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  2. LOL...I loved that comparison of bus driver with air hostess :D Anyway, you are right. How much impact these measures will make is yet to see.

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    1. :) glad you liked that. and yes the question remains.. will it work :|

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  3. In India even waking after two tragedies followed by fireworks ought to be lauded--don't you think?Let us see how long these resolutions last.

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    1. Absolutely true, question is whether it will be sustained.. which going by history..it will not :(

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  4. Very tragic incidents both and it took so many lives to sit up and make remedies.How long they take to be implemented is to be seen.

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    1. Completely agree Indrani.. the fact that there is no coverage post the incidents speaks volumes too..

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  5. Setting new regulations is good as long as there's a procedure to ensure the new rules are followed.

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    1. Very true and in our country creating procedures and adhering to them is a rarity isnt it..

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  6. Tragic about those lives lost in buses on fire. The measures they recommend look good on paper and I hope they will be implemented by bus owners. Is there no way for customers to insist they do?

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    1. That's an absolutely crucial point.. customers. Yes, it will work to a large extent if customers stay firm on their ground but that is not always the case here. People who do not take life for granted are and comply with the law and order are in a minority. The typical mentality is "Nothing can happen to me".. hopefully such incidents will be a wake up call for such customers..
      Thanks for stopping by! :)

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  7. You bring out one important perspective - that of the passenger's. Do we as travellers really worry as much about the safety and road-worthiness of the buses? Do we, in the absence of safety mechanisms prevent a bus from plying?

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    1. Exactly, the fault lies as much with us customers as it does with the authorities.. If only we would step up, the authorities might not take things for granted.. read my comment above for more..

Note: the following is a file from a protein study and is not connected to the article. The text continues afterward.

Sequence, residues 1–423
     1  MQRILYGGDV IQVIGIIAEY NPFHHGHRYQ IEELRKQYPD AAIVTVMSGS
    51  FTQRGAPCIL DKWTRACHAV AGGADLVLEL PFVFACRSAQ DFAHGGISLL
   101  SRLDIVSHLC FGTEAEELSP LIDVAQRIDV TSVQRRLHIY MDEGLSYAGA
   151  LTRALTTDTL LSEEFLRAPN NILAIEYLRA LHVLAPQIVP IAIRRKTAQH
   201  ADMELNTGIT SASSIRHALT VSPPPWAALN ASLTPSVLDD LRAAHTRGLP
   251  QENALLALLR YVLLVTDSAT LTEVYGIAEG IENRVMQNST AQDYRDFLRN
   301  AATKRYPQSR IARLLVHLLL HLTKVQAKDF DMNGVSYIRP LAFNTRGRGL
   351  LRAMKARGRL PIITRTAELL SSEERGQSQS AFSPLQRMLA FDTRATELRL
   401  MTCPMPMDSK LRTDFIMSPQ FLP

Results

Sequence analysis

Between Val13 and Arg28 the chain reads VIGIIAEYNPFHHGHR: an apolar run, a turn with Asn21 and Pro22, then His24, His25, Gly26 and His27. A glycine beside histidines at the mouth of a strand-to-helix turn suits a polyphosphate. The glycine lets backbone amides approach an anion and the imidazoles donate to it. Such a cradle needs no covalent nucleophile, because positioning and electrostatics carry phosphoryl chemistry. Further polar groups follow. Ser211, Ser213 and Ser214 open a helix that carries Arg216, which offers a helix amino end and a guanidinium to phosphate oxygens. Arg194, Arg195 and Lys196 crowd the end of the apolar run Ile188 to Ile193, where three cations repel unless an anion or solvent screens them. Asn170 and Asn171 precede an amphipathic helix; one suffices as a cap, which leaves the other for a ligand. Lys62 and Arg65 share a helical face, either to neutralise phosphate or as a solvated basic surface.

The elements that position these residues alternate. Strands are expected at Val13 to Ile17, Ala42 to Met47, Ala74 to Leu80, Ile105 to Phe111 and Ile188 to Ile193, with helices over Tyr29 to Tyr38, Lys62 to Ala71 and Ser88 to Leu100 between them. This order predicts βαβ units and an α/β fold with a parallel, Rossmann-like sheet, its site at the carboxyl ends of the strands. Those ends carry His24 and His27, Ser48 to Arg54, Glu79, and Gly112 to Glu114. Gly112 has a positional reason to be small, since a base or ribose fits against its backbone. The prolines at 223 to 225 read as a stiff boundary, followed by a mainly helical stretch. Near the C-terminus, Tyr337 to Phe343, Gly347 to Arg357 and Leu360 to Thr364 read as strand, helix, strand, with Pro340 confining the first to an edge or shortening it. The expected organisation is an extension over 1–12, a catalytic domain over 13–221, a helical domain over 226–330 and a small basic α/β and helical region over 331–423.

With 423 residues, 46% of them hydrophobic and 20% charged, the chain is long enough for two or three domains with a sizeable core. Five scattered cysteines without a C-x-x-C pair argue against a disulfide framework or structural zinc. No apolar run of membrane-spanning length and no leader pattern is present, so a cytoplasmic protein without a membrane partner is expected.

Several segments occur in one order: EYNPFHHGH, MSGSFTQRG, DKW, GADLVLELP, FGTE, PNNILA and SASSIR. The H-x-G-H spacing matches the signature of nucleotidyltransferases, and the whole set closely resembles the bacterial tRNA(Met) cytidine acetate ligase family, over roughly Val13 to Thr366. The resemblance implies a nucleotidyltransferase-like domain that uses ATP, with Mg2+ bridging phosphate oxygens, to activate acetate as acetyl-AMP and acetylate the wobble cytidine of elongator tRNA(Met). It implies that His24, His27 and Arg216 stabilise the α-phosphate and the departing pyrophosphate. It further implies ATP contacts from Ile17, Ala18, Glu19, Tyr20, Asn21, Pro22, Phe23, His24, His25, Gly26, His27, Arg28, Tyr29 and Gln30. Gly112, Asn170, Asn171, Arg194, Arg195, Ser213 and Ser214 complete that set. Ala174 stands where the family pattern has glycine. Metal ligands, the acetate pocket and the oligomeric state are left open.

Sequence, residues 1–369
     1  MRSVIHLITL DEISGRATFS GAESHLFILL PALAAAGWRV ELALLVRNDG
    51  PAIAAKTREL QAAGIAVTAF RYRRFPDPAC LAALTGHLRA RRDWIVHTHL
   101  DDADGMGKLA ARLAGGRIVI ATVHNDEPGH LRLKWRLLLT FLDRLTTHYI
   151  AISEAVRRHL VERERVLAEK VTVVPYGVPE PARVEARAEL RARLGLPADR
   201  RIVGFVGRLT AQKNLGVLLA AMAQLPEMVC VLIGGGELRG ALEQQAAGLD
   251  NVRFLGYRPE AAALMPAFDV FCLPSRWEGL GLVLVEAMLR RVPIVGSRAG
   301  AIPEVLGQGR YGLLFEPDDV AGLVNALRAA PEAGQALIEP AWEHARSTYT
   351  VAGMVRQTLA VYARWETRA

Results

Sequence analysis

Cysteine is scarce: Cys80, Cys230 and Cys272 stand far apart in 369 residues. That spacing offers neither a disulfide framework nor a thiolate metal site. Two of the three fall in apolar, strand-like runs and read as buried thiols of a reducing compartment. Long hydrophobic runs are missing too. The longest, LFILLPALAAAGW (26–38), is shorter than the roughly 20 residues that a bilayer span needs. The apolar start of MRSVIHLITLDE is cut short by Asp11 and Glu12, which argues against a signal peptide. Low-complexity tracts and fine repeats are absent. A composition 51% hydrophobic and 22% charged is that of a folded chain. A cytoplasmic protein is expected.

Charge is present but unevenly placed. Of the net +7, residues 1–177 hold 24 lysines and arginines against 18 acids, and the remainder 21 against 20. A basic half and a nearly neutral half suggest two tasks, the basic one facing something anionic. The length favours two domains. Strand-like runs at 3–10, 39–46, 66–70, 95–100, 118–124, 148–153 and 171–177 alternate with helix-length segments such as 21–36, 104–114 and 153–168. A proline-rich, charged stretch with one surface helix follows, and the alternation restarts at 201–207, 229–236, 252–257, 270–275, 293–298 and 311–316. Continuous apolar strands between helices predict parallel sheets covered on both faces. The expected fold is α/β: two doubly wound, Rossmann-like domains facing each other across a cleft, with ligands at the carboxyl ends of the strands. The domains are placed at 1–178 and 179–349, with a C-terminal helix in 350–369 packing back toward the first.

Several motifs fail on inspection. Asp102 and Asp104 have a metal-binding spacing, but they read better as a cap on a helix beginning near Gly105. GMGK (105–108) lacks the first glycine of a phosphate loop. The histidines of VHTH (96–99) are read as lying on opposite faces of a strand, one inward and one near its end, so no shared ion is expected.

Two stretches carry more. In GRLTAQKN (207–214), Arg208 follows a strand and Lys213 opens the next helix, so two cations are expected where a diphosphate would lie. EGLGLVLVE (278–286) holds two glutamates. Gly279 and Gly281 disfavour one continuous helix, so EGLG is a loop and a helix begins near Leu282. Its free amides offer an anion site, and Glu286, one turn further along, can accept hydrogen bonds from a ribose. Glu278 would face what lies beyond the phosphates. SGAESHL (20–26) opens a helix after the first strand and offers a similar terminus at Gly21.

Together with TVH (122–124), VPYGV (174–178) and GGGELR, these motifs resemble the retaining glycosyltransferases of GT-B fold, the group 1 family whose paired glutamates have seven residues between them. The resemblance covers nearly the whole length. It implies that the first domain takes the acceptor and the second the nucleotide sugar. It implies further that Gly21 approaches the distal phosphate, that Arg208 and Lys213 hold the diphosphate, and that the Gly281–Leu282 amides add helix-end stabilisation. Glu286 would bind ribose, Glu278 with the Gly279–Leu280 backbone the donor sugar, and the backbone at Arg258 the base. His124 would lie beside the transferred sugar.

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  8. We wake up for a while after an accident. Then we go back to sleep again till another one happens. I hope this will change.

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    1. Yup... not just the authorities... we the citizens (who are the customers) as well.. :|

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  9. In a country as big as ours is, it is not easy to bring about changes as easily and as effectively as we would want. Onus also rests on us. Good thing is that the youths of today r more proactive. So there is hope on the cards

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    1. Very true RItesh. There are silver linings in the cloud like you said, lets hope for the best :)

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  10. I read this news and felt very sad. Because as a travel junkie I rely a lot on volvo buses. I felt scared too. And Seeta I can understand your aggression because in this country we have seen enough to know the harsh realities of its working...

    Richa

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    1. Exactly... I travel by bus a lot... so it does seed that doubt in your mind.. :|

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  11. All very valid concerns, My take on this :
    It seems a bit harsh just blaming the drivers for the cause of these accidents. Do you know that if you want to take a government bus from Bangalore to Goa the KSRTC bus just keeps one driver ? It's an understanding between the driver and the conductor(yes the conductor !) to share the burden of driving, so imagine the kind of stress and sleeplessness these drivers are subjected to.
    Just getting the drivers trained might not be a solution for this problem, much more in terms of road safety, highway patrols and most important of all accountability to the operators needs to come into place.
    Having said that, the steps being taken are definitely in the right direction.

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    1. Interesting! I wasnt aware of that, I always thought there were two drivers, one of which doubled as the conductor.. esp. coming from KSRTC, who I thought was a saving grace as far as state road transport is concerned.... sure is a dampner! :(

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    2. In a way, it could be a willful step taken by the driver-conductor duo to take care of each others' safety and in turn that of the passengers. So one would certainly not mind the first row being taken exclusively by them to rest and get some sleep!

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  12. These things are done in a rush to calm people who are extremely angry. But like everything else, everything goes back to the status quo almost immediately. After all, who is going to ensure that the new rules will be implemented?

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    1. So true! Yet, I think its upto us customers as well to do their bit to sustain these mandates, something most of the larger user base will not bother about. At the same time I just read the comment put up just before yours by Aragorn.. well if thats how authorities will behave nothing can work right :|

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  13. Such a sorry state in our country. I read the same story of carelessness again and again in different formats. When will we learn?

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  14. No idea Saru... unfortunately no idea at all :|

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  15. I only had 5 driving lessons. The coach was really wise and told me to look out for everything. There was about a month in between my second and third lesson because I had to go out.